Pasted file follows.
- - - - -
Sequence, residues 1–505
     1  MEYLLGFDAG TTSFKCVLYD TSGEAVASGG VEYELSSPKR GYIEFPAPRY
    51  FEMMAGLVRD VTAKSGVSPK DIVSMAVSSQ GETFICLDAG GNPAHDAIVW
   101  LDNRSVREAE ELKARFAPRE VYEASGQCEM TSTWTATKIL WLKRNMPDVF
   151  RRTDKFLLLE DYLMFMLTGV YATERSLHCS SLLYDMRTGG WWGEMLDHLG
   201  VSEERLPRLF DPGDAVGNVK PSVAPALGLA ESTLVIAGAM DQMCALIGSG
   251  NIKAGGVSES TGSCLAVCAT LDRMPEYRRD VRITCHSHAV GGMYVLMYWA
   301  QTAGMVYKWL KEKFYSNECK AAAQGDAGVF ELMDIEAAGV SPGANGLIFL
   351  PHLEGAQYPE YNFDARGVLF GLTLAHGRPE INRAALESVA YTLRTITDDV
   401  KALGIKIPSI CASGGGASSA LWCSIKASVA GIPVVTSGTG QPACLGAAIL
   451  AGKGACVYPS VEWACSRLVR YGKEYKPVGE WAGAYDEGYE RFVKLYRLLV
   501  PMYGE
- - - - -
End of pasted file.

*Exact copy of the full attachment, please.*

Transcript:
Sequence, residues 1–505
     1  MEYLLGFDAG TTSFKCVLYD TSGEAVASGG VEYELSSPKR GYIEFPAPRY
    51  FEMMAGLVRD VTAKSGVSPK DIVSMAVSSQ GETFICLDAG GNPAHDAIVW
   101  LDNRSVREAE ELKARFAPRE VYEASGQCEM TSTWTATKIL WLKRNMPDVF
   151  RRTDKFLLLE DYLMFMLTGV YATERSLHCS SLLYDMRTGG WWGEMLDHLG
   201  VSEERLPRLF DPGDAVGNVK PSVAPALGLA ESTLVIAGAM DQMCALIGSG
   251  NIKAGGVSES TGSCLAVCAT LDRMPEYRRD VRITCHSHAV GGMYVLMYWA
   301  QTAGMVYKWL KEKFYSNECK AAAQGDAGVF ELMDIEAAGV SPGANGLIFL
   351  PHLEGAQYPE YNFDARGVLF GLTLAHGRPE INRAALESVA YTLRTITDDV
   401  KALGIKIPSI CASGGGASSA LWCSIKASVA GIPVVTSGTG QPACLGAAIL
   451  AGKGACVYPS VEWACSRLVR YGKEYKPVGE WAGAYDEGYE RFVKLYRLLV
   501  PMYGE